10 Jan U.S. Cash Rewards Program to Include International Criminal Court Arrests
[Jennifer Trahan is associate clinical professor at the Center for Global Affairs at the NYU School of Continuing and Professional Studies (NYU-SCPS). She is also chair of the American Branch of the International Law Association International Criminal Court Committee and was a member of the American Bar Association’s 2010 International Criminal Court Task Force.]
Congress recently approved a bill expanding the U.S.’s “Rewards for Justice” program to include apprehension of individuals wanted by international tribunals such as the International Criminal Court. The bill, passed by the Senate on December 20 and House on January 3, and promoted by U.S. Ambassador-at-Large for Global Criminal Justice Stephen J. Rapp, covers rewards for information leading to
the transfer to or conviction by an international criminal tribunal (including a hybrid or mixed tribunal), of any foreign national accused of war crimes, crimes against humanity, or genocide ….
While the U.S. Government still clearly remains wary of the ICC and is not anticipated to ratify the ICC’s Rome Statue at any time in the near future, the legislation is a further positive step that strengthens U.S. constructive engagement with the Court. Other recent positive developments include U.S. deployment of 100 special operations forces as military advisers to Uganda to assist with the apprehension of members of the Lords Resistance Army led by Joseph Kony; statements by State Department Legal Advisor Harold H. Koh that the U.S. respects its obligations as signatory to the ICC’s Rome Statute (obligations the second Bush Administration attempted to revoke); and U.S. participation at ICC-related meetings, including meetings of the Assembly of States Parties to the ICC.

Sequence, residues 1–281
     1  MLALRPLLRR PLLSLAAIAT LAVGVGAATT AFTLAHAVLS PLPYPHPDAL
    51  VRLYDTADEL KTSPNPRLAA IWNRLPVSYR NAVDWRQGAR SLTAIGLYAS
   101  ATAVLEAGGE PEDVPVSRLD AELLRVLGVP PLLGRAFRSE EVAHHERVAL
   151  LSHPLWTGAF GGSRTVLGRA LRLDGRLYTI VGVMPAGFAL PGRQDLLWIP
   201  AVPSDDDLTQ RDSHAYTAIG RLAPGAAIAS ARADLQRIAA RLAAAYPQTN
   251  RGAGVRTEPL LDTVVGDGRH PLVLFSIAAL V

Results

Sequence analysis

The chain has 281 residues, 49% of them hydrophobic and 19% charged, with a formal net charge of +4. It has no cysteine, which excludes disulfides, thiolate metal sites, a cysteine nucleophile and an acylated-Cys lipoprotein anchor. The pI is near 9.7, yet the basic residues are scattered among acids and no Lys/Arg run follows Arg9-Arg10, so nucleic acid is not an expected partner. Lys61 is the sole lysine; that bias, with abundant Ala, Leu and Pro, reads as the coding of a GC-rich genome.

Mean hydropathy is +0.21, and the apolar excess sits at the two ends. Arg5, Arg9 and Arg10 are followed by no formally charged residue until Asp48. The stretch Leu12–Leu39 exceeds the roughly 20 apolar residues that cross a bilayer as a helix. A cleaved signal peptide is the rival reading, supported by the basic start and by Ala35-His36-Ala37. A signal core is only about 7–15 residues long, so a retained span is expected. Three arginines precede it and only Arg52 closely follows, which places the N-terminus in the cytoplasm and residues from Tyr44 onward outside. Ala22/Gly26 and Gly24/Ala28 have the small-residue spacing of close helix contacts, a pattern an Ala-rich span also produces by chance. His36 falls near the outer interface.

During the second term of the Obama Administration, the U.S. should further solidify the US-ICC relationship by formally reactivating U.S. signatory obligations and articulating a clear policy position of U.S. support for the Court, which is designed to prosecute the worst instances of genocide, war crimes and crimes against humanity. Congress should repeal the ban on direct U.S. financial support of the Court, to which the U.S. has supported referral of the situations in Libya and tacitly supported referral of the Darfur situation. The U.S. should also press for referral by the U.N. Security Council of the situation in Syria, which has now claimed an estimated 60,000 fatalities, to the Court for investigation and prosecution.